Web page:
• 12th August 2022 - Friends Observing

    Perseids Meteor Shower - 10pm @ Dome

    If the sky is clear, the Friends will meet at the Dome to observe the Perseids meteor shower. This event is weather permitting, updates will be posted nearer the time


Marlborough College

Welcome to the Marlborough College Blackett Observatory, home to the largest refracting telescope in Wiltshire. The Observatory is a key facility for the study of Astronomy by pupils at Marlborough College, but is also open to the public through the Friends of the Marlborough Telescope membership scheme.

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What's Up!

Week of 27th June 2022

  • Astronomical twilight does not end until 21st July
  • With no moonlight, this week is optimal for deep sky observing. Interesting targets include: Globular Clusters such as M13 and M92 in Hercules, the Coathanger asterism in Vulpecula, the Ring Nebula (M57) in Lyra, the double star Albireo in Cygnus as well as the arc of the Milky Way across our summer sky – a treat by naked eye or to explore with binoculars
  • The Moon is New on Wednesday
  • The Sun currently has two active regions: AR 3038 & 3040. The sunspot number is 31
  • There are no visible evening ISS passes this week


Visit the What’s Up! archive


20th June

Radcliffe Society: The final meeting of the year was enjoyed by ten members of the society who joined GKWJ, JAG and CJW at the Dome for an attempt to launch two small model rockets. Three sizes of motor were available: A, B and C, increasing in power. The first task was to establish safe practice for launch and landing. Wind speed, direction and maximum altitude were accounted for to identify a safe landing zone. Two A motor launches were completed successfully, with measurements taken of altitude and distance, max altitude being 63m. The first B motor launch was then attempted. Lift off was a success, but the parachute descent was far slower than predicted and the rocket found its landing spot in a tree. The parachute of rocket number two was modified to decrease its descent duration and it was launched. Unfortunately, whilst it did indeed descend more rapidly, it too found a tree, albeit a different tree, as its landing spot. Max altitude of the B motor rocket was 124m. No C motor launch was attempted. Much fun was had by all and some interesting science was carried out. Next meeting: 19th September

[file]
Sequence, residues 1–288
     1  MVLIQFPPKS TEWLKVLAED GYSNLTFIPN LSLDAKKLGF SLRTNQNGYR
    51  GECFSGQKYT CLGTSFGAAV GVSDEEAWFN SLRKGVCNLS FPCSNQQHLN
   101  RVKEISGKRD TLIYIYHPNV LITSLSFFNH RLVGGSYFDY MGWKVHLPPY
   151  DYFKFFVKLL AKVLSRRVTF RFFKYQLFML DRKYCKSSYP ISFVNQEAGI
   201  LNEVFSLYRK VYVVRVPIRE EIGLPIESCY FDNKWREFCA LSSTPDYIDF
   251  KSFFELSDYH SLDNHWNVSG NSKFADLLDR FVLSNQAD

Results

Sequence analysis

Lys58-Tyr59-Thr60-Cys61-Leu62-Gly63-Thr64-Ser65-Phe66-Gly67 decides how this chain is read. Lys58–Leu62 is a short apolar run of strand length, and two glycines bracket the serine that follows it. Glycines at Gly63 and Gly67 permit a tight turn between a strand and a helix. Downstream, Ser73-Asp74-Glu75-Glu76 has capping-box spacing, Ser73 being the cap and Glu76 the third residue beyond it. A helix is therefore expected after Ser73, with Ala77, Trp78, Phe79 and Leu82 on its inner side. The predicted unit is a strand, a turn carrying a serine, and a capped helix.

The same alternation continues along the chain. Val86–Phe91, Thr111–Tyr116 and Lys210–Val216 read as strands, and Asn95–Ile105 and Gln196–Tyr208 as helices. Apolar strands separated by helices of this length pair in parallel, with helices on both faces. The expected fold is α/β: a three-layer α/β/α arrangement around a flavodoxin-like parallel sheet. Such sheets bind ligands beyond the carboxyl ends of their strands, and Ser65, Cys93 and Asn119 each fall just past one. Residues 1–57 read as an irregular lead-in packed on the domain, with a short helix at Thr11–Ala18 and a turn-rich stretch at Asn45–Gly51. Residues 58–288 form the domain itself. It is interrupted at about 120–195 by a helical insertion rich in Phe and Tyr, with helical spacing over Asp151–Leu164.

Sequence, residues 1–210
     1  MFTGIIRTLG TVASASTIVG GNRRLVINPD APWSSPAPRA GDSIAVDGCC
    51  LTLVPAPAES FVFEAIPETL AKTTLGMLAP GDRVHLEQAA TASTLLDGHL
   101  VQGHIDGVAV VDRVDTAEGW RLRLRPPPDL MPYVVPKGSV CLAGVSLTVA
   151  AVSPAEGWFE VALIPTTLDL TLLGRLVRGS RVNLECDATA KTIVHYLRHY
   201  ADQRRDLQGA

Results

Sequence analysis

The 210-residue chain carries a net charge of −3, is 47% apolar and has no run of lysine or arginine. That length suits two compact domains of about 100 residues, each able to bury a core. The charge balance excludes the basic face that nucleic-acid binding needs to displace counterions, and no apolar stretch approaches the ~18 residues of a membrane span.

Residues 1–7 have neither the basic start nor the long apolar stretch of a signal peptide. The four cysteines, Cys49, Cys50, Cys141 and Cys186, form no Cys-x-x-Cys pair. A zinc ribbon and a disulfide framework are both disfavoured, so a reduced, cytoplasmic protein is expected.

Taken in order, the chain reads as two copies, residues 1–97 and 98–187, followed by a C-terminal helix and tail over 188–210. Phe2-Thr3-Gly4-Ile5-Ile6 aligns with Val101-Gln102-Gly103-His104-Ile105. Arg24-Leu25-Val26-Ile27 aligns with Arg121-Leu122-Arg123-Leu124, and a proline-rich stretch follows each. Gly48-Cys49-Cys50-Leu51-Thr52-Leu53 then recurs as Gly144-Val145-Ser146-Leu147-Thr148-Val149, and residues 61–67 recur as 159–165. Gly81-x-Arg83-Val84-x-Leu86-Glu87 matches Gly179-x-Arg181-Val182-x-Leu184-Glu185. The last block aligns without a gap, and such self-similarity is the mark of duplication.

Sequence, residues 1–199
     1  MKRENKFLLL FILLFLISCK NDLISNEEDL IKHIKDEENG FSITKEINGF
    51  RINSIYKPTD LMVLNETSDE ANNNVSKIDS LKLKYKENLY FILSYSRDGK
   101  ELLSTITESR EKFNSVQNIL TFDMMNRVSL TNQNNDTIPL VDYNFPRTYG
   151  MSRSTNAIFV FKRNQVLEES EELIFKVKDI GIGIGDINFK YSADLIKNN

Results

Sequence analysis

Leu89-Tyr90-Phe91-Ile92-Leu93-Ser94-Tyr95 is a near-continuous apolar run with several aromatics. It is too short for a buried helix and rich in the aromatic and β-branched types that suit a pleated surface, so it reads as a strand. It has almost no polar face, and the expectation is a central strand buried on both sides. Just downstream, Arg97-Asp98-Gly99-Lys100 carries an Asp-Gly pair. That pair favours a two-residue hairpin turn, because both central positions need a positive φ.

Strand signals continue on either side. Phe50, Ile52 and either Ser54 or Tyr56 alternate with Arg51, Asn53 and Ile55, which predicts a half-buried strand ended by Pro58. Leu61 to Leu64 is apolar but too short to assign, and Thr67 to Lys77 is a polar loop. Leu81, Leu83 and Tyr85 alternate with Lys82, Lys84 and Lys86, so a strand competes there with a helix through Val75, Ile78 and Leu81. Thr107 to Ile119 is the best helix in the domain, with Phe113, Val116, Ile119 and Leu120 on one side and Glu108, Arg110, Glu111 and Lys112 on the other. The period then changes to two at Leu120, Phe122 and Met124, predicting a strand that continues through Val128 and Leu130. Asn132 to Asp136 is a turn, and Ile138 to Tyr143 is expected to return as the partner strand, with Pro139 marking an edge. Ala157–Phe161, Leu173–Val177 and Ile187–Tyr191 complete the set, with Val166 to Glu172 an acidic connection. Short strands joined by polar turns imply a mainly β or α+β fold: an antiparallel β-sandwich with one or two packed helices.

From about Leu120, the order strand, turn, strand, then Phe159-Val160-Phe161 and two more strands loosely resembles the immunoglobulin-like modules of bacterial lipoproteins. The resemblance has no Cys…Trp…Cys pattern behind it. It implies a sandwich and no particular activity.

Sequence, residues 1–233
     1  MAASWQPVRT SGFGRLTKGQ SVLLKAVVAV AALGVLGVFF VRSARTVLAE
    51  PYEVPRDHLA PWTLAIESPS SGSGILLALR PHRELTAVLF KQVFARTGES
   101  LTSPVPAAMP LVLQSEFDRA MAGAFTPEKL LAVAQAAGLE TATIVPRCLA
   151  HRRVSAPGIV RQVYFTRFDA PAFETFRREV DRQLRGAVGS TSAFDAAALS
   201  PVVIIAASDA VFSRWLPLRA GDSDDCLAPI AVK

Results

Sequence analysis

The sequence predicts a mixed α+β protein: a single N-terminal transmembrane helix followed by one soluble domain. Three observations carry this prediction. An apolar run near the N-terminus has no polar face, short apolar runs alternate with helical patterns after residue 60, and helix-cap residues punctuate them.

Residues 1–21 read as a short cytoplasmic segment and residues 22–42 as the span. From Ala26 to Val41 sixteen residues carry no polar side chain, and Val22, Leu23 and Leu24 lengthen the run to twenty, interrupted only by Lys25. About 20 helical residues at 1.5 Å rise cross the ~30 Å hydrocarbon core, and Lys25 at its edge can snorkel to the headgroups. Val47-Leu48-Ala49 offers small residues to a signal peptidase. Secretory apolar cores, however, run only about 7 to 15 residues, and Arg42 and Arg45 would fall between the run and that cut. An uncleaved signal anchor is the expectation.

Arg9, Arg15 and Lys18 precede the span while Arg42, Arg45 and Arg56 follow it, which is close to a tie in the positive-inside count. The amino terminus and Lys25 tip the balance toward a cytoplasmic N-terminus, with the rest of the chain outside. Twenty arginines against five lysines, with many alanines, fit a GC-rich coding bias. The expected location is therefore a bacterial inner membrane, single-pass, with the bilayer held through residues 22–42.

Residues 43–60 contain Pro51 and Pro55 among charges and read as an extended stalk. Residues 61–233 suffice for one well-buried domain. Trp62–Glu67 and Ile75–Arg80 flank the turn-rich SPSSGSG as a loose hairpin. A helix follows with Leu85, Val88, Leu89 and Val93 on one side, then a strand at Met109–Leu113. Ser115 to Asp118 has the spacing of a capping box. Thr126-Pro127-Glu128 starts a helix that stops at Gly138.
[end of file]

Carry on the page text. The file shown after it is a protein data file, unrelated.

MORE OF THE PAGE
14th June

Outreach visit: 18 members of Owl Class (Years 5 & 6) from Oare Primary School, together with a teacher and two parent helpers, enjoyed a guided tour of the Observatory with JAG, ably assisted by a L6 pupil. There was much excitement as they looked at the Sun through eclipse glasses and realised that it appears to be the same size as the Moon, being 400 times larger but also 400 times further away from us. Inside the Dome, they appreciated the importance of red light in maintaining night vision, watched their pupils shrink as the white light dazzled them, opened and rotated the roof, admired ’the oldest computerised telescope in the world’ and asked lots of excellent questions, the last of which was ‘Can we come back for another visit when it’s dark, please?’

8th June

Observing: The twilight waxing Gibbous Moon was observed by GKWJ and JAG, who were carrying out tests of two new eyepieces. Purchased with help from the Friends and funds raised by the sale of two redundant eyepieces, the new Tele Vue eyepieces offer optimum quality for increased magnification observing with the 10-inch. Copernicus, Tycho and Clavius craters were viewed at 140x magnification with a 27mm Panoptic and 224x with a 17mm Nagler. The contrast and detail were superb, despite the poor seeing, and the eyepieces will definitely enhance future observing

26th May

Friends Observing: Unfortunately, cloudy skies prevented the Dome from being opened for solar observing. Instead a small group of Friends joined CEB and GKWJ on Zoom to consider the progress of Solar Cycle 25

23rd May

Outreach Visit: The Eton Group Heads of Physics annual meeting was held at Marlborough College this year and following a morning of discussion, including a presentation on the British Astronomy and Astrophysics Olympiad (BAAO) by CEB, the 12 attendees enjoyed a visit to the Blackett Observatory with GKWJ in the afternoon

19th May

External Talk: CEB delivered the lecture ‘Illuminating the dark ages – the era of James Webb’ at Green Templeton College, Oxford to a large audience, as part of this year’s Astronomy for All lectures series. This was the 46th lecture in the series originally convened by CEB in 2006

10th May

Radcliffe Society: A small group of society members met for the May meeting with GKWJ and JAG. Our 2022 RAS GCSE Poster Competition prize winning pupil gave a presentation on his winning entry, GKWJ gave a Latest News round-up and then the group started its investigation of rocket science with a selection of videos. We started to plan our own small rocket launch attempt for the June meeting, looking at kit required and the potential risks associated with a launch. Next Meeting: 20th June



Visit the News archive

All Sky Eye

The Latest View from the MCBO

The All Sky Camera operates from 30 minutes after sunset through the night until 30 minutes before sunrise. The latest image is updated automatically every 5 minutes and the time lapse video is refreshed each morning at around sunrise. Click the still image to view a large version


Latest Still Image

Most recent time lapse video